Weightless weak equivalence principle

Weightless weak equivalence principle

Released

10/06/2013 2:21 pm

Copyright

ESA

Description

During ten seconds of weightlessness Brynle Barrett from the Laboratory of Photonics, Numerical Sciences and Nanosciences at the University of Bordeaux monitors an experiment to test the ‘weak equivalence principle’ – or why a feather in a vacuum falls as fast as a hammer.

To confirm that objects in free-fall behave universally, even at a microscopic level, a team of scientists used lasers to cool atoms to around –273°C. On Earth, atoms fall away from laser beams because of gravity. “In microgravity, atoms stay in the beams for much longer, so we get better data,” explains Brynle.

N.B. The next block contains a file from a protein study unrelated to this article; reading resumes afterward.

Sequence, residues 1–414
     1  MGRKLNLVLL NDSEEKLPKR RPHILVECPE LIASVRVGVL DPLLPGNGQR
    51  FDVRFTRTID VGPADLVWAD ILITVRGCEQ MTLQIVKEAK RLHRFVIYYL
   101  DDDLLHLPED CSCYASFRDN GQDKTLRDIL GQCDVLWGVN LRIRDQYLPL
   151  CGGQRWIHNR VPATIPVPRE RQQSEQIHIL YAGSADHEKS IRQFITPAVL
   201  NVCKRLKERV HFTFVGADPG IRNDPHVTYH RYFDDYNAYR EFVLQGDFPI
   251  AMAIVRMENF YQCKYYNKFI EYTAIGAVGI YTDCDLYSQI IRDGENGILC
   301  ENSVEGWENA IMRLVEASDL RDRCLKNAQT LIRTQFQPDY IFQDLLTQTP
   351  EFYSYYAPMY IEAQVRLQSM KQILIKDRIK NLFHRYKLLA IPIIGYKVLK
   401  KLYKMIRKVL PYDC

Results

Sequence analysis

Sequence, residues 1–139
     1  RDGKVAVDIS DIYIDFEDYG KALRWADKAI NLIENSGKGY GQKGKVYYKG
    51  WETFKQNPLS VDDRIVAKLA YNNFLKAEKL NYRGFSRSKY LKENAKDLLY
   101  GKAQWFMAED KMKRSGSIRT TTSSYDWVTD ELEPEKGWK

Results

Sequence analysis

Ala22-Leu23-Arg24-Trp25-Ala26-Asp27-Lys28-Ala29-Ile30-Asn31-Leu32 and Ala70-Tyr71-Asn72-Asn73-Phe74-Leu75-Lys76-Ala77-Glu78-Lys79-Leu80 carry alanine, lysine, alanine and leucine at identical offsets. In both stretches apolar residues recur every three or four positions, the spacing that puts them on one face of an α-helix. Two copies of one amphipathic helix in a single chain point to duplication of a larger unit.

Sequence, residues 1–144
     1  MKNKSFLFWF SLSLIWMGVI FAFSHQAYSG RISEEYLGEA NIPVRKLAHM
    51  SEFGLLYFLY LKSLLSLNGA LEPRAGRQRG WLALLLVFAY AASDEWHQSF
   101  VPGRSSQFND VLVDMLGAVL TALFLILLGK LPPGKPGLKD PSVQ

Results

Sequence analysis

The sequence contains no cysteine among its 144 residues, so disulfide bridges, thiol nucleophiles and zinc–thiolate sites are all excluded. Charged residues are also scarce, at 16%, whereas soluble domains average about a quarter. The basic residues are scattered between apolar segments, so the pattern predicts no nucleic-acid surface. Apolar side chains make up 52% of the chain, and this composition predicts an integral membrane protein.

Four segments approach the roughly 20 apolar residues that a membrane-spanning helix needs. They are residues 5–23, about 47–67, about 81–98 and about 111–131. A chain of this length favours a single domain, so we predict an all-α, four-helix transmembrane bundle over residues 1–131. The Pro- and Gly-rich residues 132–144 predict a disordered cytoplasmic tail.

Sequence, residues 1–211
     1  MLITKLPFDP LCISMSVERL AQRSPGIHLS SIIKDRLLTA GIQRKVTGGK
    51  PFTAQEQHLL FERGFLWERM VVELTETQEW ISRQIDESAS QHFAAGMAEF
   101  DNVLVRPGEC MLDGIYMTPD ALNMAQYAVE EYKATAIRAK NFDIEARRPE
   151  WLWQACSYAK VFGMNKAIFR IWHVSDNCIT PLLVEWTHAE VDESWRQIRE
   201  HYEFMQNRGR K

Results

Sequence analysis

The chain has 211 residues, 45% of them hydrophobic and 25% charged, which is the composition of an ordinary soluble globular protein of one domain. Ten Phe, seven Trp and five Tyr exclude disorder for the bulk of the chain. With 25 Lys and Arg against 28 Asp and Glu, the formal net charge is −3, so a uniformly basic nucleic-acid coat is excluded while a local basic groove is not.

Parabolic flights are the only way to run such experiments on humans without leaving Earth’s atmosphere. Over the course of multiple roller-coaster flights at up to 45°, researchers find out more about the effects of gravity on experiments and improve equipment destined for space. 

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